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Specific gene region in hypertension revealed

University of Tsukuba researchers uncover through new genetics study the enhancer responsible for blood pressure homeostasis

University of Tsukuba

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Credit: University of Tsukuba

Tsukuba, Japan - Genes encode proteins and proteins dictate cell function. Therefore, the thousands of genes expressed in a cell determine what that cell can do. Among the multiple elements that are involved in the precise regulation of gene expression are enhancers, which are short region of DNA that can be bound by proteins (activators) to increase the likelihood of transcription of a particular gene.

One notable regulatory cascade that involves enhancers is the renin-angiotensin system (RAS) that plays a major role in blood pressure regulation and electrolyte homeostasis. Because increased expression of the protein renin leads to a rise in blood pressure, its transcription must be finely regulated.

While upregulation of the gene renin in the promoter and enhancer elements is relatively well established, the mechanisms controlling its feedback transcriptional suppression are poorly understood. This knowledge gap prompted a team of researchers from the University of Tsukuba to delve deeper into understanding this important regulatory cascade.

"We deleted either 5? or 3? regions of the endogenous mouse renin (mRen) in mice, and placed the animals in a hypertensive environment. While the mRen gene bearing the 3? deletion was appropriately downregulated, the one bearing the 5? deletion (-5E) lost hypertension responsiveness," explains Aki Ushiki, lead author of the study, which was recently reported in Molecular and Cellular Biology. "This means the -5E region is essential for the basal expression of the mRen gene."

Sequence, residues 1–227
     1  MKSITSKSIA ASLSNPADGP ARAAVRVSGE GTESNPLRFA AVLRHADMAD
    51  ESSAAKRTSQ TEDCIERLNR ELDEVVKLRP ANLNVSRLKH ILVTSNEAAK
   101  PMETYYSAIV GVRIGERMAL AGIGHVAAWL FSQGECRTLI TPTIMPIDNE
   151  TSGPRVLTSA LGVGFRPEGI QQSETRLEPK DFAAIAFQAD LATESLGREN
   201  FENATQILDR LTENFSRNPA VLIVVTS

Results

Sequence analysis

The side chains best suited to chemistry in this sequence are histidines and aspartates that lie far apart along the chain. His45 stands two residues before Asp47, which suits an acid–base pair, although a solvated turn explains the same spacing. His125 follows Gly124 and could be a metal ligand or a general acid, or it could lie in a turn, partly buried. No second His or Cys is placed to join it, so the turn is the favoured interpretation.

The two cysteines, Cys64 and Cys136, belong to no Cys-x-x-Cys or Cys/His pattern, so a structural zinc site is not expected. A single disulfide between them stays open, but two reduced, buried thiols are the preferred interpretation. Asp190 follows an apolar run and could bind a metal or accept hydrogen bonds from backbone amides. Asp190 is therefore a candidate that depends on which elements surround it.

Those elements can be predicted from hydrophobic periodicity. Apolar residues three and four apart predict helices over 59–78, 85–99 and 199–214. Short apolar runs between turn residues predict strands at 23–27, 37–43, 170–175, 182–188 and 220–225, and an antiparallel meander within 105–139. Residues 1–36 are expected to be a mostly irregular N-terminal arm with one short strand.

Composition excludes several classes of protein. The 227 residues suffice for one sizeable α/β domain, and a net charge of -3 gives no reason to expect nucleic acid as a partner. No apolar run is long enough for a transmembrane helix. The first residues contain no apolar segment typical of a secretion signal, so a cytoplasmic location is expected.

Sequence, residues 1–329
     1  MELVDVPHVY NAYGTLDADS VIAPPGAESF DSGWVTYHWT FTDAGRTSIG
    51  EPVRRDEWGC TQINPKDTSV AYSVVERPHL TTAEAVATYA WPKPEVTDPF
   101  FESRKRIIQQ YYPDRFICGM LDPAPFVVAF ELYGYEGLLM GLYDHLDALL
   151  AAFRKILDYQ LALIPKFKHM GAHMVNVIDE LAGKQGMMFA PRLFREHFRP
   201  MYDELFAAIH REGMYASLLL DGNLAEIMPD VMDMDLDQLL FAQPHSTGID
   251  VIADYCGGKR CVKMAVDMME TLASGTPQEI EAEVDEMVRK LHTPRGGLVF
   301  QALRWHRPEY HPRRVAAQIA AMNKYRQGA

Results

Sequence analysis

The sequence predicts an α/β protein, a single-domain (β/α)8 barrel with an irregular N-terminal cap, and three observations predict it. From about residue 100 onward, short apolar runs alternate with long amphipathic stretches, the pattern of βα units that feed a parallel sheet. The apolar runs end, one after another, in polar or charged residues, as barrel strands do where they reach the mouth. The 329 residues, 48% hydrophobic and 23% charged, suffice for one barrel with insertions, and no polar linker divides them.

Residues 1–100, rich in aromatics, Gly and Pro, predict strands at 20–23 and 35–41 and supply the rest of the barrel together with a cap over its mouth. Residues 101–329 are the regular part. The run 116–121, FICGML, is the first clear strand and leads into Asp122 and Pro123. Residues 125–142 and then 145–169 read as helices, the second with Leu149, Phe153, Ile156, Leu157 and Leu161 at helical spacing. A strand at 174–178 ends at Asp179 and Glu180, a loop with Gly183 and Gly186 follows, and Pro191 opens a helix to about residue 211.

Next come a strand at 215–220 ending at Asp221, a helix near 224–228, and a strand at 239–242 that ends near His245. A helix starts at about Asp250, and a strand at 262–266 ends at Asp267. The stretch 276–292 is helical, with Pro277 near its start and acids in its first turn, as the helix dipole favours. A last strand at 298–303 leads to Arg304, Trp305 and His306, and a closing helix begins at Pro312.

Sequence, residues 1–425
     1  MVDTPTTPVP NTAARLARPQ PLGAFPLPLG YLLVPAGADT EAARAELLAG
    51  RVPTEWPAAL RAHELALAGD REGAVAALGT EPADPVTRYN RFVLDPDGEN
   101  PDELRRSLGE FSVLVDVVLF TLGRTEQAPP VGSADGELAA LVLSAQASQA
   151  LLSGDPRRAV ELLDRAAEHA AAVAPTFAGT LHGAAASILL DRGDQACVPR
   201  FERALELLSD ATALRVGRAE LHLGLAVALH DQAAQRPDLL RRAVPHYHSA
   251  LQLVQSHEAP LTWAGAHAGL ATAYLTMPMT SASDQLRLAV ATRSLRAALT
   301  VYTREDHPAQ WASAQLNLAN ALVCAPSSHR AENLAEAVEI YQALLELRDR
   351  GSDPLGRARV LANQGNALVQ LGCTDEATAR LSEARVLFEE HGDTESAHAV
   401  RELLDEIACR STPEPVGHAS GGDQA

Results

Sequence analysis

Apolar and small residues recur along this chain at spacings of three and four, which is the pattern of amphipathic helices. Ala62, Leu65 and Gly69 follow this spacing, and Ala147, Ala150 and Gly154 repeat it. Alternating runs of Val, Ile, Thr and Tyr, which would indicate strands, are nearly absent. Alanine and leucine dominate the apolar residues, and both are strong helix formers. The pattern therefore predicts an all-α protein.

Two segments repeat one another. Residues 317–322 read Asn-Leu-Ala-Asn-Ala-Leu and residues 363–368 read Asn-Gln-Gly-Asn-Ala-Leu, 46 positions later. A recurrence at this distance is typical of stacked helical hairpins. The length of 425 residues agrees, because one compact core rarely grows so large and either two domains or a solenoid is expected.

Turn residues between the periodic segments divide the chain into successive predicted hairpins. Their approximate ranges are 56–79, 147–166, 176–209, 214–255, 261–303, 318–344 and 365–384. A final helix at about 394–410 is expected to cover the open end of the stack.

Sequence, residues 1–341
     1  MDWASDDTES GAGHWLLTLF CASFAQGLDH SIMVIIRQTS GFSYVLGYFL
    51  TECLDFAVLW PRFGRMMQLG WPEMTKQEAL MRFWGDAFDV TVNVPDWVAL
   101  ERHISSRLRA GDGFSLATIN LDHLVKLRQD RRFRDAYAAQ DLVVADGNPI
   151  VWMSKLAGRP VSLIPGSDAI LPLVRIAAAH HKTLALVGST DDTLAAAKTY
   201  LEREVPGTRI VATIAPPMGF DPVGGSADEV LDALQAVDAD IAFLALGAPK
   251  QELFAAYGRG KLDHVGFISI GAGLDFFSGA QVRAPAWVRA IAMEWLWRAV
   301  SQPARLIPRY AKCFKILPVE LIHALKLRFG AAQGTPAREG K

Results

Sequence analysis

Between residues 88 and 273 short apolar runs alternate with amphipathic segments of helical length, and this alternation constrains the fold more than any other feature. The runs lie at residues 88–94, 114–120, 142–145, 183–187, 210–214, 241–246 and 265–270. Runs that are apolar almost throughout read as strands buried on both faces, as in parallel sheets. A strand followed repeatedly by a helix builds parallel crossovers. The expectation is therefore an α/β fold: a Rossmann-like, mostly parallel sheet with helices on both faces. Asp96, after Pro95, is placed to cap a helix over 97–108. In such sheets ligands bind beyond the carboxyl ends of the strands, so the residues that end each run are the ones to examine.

Based on their findings, they proposed the -5E element functions as an enhancer under normal conditions and is involved in full activation of mRen gene transcription. Conversely, in the hypertensive state, the enhancer activity somehow becomes attenuated by the hormone angiotensin signaling, which leads to suppression of mRen gene transcription.

"Understanding of this enhancer-mediated transcriptional modulatory mechanism for mRen gene has a broad impact on not only the RAS field but also enhancer biology in general," corresponding author Keiji Tanimoto says. "Also, as the mRen enhancer core sequence is fairly conserved in humans, our findings shed light on the unexplored distal regulatory region of renin genes and provide a novel mechanistic insight into renin gene regulation."

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